“Trump isn’t an anti-imperialist in the left-wing sense. Rather, he is an instinctual America-First isolationist who seems to harbor genuine disdain for global elites and policy insiders,” Parenti writes. “Regardless of his deeper motives, the result was that more than any recent president, he sought to dismantle America’s informal global empire.”
In reality, Trump did little to seriously strip down America’s war machine. This is a president who proposed the largest inflation-adjusted defense budget since World War II and declared “we have to have, by far, the strongest military in the world.” But there’s no doubt, as Parenti and others point out, that he frequently clashed with Beltway conventional wisdom on issues like NATO, haranguing treaty allies to spend more on defense and threatening to leave the alliance if they did not.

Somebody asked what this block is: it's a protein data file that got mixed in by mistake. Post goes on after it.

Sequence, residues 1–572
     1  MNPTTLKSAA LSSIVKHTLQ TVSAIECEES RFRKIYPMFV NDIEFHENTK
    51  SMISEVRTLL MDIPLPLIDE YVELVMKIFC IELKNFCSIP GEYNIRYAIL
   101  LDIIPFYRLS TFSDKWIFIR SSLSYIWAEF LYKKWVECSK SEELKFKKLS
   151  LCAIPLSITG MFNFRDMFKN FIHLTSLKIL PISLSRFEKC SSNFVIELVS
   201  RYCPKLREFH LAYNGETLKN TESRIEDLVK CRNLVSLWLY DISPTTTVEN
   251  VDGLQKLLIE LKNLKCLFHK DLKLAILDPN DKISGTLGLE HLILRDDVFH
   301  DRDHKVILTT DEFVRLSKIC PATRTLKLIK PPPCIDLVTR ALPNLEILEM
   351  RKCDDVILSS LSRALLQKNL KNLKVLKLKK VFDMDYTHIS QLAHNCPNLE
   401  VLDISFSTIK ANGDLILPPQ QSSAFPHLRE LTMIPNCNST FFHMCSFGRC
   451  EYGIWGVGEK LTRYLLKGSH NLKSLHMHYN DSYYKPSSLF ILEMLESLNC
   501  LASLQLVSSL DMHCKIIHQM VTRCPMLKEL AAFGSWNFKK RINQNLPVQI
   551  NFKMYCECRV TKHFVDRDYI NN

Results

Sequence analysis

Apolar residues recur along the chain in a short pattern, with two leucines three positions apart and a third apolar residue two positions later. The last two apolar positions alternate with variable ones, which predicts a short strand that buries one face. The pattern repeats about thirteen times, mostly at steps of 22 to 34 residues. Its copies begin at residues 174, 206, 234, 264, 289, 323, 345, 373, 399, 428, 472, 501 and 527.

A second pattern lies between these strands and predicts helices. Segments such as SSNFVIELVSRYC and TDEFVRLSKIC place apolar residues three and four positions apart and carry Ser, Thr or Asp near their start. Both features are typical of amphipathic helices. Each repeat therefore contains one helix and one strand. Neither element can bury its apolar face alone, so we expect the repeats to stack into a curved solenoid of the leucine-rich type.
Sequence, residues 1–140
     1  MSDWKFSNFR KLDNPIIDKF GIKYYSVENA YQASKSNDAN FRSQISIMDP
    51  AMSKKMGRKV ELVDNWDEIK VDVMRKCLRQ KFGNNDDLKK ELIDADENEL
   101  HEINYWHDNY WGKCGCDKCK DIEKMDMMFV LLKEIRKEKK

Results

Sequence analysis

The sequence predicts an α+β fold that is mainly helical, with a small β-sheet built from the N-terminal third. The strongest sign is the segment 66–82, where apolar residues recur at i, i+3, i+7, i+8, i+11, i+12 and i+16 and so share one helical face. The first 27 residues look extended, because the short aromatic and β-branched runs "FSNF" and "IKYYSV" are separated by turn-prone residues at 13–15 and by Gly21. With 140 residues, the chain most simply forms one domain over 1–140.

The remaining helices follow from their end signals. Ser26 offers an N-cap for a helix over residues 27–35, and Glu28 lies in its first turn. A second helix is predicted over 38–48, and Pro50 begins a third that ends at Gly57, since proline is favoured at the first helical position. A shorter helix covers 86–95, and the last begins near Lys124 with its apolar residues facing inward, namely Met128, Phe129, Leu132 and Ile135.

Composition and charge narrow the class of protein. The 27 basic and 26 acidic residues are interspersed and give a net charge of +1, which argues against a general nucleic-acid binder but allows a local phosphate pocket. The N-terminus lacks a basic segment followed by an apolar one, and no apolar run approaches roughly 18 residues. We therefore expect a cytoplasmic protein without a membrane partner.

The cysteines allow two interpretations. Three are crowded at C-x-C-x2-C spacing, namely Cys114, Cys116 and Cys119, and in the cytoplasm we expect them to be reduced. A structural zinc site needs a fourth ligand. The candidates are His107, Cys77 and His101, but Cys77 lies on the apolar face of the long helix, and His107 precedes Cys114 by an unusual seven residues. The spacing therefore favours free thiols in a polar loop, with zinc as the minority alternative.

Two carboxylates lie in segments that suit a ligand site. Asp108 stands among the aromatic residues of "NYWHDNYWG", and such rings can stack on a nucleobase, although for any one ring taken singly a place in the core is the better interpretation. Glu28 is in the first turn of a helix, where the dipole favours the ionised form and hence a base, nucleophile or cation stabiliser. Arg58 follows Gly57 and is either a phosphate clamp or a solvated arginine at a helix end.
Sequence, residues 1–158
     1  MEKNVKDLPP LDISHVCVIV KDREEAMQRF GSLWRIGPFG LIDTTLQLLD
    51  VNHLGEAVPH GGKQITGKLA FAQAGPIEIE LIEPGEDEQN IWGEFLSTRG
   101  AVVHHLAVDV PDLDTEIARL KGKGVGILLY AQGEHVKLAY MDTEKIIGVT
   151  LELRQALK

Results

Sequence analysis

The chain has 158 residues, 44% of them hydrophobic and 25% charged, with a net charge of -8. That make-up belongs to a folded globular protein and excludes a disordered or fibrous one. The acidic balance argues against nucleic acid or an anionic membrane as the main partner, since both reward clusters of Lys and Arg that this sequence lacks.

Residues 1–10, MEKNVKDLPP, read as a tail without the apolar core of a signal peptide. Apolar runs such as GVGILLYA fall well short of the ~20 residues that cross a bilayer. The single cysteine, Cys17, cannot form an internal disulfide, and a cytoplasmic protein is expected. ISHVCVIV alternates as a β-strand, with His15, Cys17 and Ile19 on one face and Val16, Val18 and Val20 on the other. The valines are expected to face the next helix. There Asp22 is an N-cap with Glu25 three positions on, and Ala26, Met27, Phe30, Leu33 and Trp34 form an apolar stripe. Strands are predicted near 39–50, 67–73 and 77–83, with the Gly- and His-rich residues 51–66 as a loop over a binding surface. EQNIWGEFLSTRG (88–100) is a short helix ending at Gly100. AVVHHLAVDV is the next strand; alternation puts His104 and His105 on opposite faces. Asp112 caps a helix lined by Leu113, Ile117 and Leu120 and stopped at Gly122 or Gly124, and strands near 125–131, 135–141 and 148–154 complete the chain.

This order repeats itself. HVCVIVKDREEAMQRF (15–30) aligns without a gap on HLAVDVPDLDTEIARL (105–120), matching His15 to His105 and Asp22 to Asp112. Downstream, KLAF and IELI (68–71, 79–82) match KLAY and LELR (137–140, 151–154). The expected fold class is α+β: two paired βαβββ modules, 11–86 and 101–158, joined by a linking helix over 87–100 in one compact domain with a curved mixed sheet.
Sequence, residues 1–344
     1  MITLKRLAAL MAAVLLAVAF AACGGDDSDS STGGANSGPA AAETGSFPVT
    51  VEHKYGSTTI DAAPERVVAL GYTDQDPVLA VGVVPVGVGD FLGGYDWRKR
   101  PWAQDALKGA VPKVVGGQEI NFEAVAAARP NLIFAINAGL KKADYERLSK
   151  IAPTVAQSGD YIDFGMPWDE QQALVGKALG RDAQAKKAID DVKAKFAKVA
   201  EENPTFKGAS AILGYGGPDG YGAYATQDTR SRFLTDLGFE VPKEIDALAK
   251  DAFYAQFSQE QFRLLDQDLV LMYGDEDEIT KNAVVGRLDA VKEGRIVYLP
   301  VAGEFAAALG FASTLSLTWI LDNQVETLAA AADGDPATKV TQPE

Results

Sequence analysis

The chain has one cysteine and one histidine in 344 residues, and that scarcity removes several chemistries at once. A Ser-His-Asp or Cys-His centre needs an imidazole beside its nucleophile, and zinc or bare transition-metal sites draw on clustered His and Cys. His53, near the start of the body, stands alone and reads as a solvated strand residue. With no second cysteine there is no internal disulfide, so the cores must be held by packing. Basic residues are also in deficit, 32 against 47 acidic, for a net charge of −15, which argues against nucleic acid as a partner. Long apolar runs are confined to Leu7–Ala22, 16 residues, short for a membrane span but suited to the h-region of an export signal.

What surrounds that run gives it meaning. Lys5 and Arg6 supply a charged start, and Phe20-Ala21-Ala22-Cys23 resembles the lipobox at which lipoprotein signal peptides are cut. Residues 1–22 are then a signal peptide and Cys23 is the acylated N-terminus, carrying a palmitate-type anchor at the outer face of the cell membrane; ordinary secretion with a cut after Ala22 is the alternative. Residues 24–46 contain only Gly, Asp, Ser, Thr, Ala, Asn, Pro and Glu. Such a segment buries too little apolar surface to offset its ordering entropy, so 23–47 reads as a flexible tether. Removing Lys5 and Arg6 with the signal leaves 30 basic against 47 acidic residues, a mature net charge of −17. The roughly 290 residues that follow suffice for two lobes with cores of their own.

So how do we square these two Trumps: the militarist hawk and ardent critic of the existing foreign policy establishment?
Answering this question requires going beyond the “hawk/dove” binary, and thinking more creatively about different ways to be a hawk or a dove.
In the past several decades, Americans got used to equating hawkishness with a willingness to use force in specific kinds of ways — killing terrorists, overthrowing hostile dictators, and intervening to stop mass killing of civilians. Most of America’s post-Cold War military actions fit in one of those three boxes, typically fitting together in ideological packages like “neoconservatism” and “liberal interventionism” that described them all as part of a broader quest to protect America and the world from the forces of evil.
Trump’s version of hawkishness is far less moralized, but no less aggressive. He sees himself not as protecting the global order but as putting “America First” — defending the country’s honor and pecuniary interests. This makes him less inclined to launch wars to protect foreign civilians, but more inclined to kill foreign civilians while attempting to target terrorists. Instead of fighting to promote democracy, he is willing to send US troops to take the oil in Syria.
This is hawkishness, just of a different kind — and one that’s been long been a persistent strain in both Trump’s rhetoric and American history more broadly.